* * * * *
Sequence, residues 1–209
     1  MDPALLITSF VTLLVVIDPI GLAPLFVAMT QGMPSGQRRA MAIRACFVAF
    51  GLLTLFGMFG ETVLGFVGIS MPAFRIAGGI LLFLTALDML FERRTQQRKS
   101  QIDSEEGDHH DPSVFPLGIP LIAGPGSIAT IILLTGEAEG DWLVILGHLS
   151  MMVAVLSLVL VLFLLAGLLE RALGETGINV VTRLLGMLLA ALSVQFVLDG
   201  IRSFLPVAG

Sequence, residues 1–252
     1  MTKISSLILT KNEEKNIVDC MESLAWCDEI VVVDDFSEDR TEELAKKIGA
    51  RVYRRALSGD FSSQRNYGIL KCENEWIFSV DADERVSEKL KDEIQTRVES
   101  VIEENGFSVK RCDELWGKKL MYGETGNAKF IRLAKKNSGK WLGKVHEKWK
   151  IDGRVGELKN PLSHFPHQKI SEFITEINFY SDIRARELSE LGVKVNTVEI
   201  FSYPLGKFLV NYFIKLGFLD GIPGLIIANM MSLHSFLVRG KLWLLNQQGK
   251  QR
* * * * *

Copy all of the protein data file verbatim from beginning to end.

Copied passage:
Sequence, residues 1–209
     1  MDPALLITSF VTLLVVIDPI GLAPLFVAMT QGMPSGQRRA MAIRACFVAF
    51  GLLTLFGMFG ETVLGFVGIS MPAFRIAGGI LLFLTALDML FERRTQQRKS
   101  QIDSEEGDHH DPSVFPLGIP LIAGPGSIAT IILLTGEAEG DWLVILGHLS
   151  MMVAVLSLVL VLFLLAGLLE RALGETGINV VTRLLGMLLA ALSVQFVLDG
   201  IRSFLPVAG

Sequence, residues 1–252
     1  MTKISSLILT KNEEKNIVDC MESLAWCDEI VVVDDFSEDR TEELAKKIGA
    51  RVYRRALSGD FSSQRNYGIL KCENEWIFSV DADERVSEKL KDEIQTRVES
   101  VIEENGFSVK RCDELWGKKL MYGETGNAKF IRLAKKNSGK WLGKVHEKWK
   151  IDGRVGELKN PLSHFPHQKI SEFITEINFY SDIRARELSE LGVKVNTVEI
   201  FSYPLGKFLV NYFIKLGFLD GIPGLIIANM MSLHSFLVRG KLWLLNQQGK
   251  QR